John Laws

News - November 2007

Media Man Australia wishes John Laws well with his retirement

The Undisputed King of Radio, John Laws presents the morning program on Sydney's 2UE, Brisbane's 4BC and networked stations around Australia, weekdays from 9am-noon. Making and breaking the rules, John brings a common sense approach to the news of the day, speaking to the people who matter - the newsmakers and you.

John's influential relationship with his listeners is both as friend, confidante and teacher. The influence was recognised by former Prime Minister Paul Keating when he said in an interview with The Bulletin (July 1997) that, 'If you can educate John Laws, you educate middle Australia'

John Laws sees himself as entertainer and salesman. His morning show delivers a mixture of both regular features and the unpredictable to more than two million listeners on around 70 stations including Brisbane's 4BC, and his velvet voice is as well-known as his relationship with the products he endorses. His live reads are persuasive, educative, interesting - even witty - and form an integral part of the morning show's structure.

Lawsie might not always break the news, but he makes it funny. With the show being broadcast across the country, he canvasses a range of opinions unlike any other radio program. He tries to take a lighter look at politics where he can, while ensuring to keep the politicians on their toes. He'll also keep you up to date with anything that breaks during the show, along with all the latest in sport. But best of all, he talks to you on 13 13 32.

Born in Wau, New Guinea, on August 8, 1935, John was educated at Mosman Preparatory School and Knox Grammar School, Sydney.

For virtually all of the 45 years he has worked in radio, John Laws has been the undisputed king of Australia's talkback airwaves and has remained at the top of the ratings - an achievement many say will never be obtained again.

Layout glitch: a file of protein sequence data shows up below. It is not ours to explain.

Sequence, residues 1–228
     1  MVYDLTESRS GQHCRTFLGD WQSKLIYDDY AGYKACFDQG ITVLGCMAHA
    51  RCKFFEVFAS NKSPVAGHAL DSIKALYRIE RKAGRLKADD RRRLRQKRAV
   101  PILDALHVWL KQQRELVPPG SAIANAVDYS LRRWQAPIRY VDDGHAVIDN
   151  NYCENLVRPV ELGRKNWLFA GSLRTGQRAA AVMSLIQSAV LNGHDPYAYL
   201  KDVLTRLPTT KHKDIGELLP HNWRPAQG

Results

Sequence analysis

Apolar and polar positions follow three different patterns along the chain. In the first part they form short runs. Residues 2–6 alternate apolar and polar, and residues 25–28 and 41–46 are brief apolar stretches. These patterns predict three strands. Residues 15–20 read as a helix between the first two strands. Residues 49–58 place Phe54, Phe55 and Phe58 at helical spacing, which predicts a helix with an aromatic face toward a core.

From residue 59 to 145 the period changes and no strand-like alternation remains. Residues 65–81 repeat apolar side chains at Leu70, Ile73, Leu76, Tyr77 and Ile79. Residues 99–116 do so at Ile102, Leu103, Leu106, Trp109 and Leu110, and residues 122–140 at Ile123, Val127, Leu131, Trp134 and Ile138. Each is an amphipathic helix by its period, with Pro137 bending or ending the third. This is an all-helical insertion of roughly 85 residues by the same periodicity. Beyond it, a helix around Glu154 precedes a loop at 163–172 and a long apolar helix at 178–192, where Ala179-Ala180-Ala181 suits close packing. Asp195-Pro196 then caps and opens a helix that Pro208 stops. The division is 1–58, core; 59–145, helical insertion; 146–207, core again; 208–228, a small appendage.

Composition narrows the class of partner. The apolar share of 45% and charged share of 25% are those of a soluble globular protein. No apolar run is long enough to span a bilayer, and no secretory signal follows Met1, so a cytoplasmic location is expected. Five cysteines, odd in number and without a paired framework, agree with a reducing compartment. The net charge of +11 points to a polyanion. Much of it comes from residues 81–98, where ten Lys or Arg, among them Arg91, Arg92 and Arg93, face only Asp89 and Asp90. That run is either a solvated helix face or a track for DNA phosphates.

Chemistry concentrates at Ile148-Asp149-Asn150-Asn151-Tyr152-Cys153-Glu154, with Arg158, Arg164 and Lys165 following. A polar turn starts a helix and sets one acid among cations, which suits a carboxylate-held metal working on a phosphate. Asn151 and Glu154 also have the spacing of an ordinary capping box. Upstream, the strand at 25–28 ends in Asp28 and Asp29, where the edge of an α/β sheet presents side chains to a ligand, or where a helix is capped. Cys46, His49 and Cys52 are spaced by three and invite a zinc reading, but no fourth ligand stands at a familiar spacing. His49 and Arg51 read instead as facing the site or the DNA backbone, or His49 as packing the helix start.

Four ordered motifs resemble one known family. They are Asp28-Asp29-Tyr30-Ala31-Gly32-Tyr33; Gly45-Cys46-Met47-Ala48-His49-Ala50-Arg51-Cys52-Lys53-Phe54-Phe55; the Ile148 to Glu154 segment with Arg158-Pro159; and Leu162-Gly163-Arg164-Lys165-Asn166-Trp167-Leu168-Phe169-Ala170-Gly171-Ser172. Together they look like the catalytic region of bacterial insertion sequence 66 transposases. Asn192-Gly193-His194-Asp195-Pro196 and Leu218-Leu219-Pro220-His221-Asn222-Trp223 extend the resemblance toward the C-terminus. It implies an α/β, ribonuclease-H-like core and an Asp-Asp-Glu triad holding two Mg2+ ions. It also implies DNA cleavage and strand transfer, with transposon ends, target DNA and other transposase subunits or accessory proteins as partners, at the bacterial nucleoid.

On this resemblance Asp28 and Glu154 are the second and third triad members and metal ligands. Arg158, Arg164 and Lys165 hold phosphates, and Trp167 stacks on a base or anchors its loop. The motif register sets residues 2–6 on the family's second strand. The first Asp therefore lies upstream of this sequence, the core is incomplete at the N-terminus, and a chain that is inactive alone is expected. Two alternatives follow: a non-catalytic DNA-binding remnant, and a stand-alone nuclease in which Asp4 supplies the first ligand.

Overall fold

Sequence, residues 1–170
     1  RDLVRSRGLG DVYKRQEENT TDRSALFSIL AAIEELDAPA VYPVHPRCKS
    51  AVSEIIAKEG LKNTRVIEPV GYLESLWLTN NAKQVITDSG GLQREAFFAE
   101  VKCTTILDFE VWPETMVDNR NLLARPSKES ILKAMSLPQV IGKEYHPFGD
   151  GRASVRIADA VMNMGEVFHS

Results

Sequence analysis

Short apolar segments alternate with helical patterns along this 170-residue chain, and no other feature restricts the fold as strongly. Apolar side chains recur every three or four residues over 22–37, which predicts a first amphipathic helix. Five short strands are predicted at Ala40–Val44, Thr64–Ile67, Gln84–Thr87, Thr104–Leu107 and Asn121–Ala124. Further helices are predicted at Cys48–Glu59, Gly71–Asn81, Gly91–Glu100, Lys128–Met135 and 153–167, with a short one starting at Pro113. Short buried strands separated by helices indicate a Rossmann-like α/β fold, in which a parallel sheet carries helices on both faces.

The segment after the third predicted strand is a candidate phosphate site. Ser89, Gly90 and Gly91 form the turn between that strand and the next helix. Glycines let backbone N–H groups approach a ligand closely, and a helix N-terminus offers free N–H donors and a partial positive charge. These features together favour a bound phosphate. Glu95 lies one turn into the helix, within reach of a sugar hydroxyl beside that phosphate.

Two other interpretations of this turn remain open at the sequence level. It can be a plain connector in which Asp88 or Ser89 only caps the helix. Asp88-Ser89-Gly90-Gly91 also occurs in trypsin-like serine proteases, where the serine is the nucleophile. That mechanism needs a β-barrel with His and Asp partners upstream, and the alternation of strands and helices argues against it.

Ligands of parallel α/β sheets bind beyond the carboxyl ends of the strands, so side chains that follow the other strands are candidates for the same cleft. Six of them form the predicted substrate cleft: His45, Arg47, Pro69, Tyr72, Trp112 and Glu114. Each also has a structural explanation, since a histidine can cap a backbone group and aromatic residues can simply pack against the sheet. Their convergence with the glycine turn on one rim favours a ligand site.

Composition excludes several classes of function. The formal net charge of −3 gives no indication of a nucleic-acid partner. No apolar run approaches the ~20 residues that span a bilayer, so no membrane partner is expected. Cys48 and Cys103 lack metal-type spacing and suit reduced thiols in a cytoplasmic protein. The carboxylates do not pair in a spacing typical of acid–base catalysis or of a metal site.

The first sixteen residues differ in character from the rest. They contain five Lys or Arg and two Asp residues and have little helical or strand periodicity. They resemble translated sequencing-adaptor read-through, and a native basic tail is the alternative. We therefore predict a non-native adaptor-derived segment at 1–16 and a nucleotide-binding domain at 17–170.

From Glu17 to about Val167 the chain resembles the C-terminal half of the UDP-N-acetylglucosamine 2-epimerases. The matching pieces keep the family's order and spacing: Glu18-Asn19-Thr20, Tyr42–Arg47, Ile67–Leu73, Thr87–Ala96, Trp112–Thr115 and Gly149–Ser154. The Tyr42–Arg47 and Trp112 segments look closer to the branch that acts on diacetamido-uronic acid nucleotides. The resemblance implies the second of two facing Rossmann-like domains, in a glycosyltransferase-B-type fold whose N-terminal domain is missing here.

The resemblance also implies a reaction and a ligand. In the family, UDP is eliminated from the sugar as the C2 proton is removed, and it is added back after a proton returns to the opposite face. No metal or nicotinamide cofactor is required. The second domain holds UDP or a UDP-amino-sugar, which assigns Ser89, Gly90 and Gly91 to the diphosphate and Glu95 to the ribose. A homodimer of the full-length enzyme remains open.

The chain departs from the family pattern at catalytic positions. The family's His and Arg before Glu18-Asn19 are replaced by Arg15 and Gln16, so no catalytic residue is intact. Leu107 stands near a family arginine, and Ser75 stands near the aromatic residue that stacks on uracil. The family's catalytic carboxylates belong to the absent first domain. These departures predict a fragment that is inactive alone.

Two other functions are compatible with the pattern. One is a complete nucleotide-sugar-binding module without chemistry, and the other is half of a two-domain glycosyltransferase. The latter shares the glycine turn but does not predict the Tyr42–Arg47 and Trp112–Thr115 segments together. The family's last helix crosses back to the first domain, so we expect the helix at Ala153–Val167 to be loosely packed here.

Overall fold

Since his career began as an 18-year old announcer on 3BO in Bendigo in 1953 - John Laws has won more radio awards of excellence than any other Australian broadcaster. They include a special award from the Federation of Australian Radio Broadcasters for his broadcasting excellence as well as a Lifetime Achievement Award from the Producers and Directors Guild of Australia.

John Laws worked at several country radio stations prior to joining 2UE in 1957, the first of four terms at Sydney's top-rating radio station. It was the move to 2UE which kick started his career.

When his first stint at 2UE ended in 1959, Laws joined 2SM for a short period before moving to the Hunter Valley where he bought a farm. For several years he broadcast a syndicated Australia-wide program for the Newcastle station 2KO. In 1962 he moved back to Sydney where he joined 2GB. Two years later he rejoined 2UE and remained with the station for five years. In 1969 he became a member of 2UW's line-up, an association that lasted for a decade. 2UE lured him back in 1979, this time for another five years. Then he switched to 2GB again when the station made a highly publicized, all out bid for his services. He returned to the 2UE fold when the station was in No 8 position. Since his return in 1988, he and the station have been consistently at the top of the ratings ladder.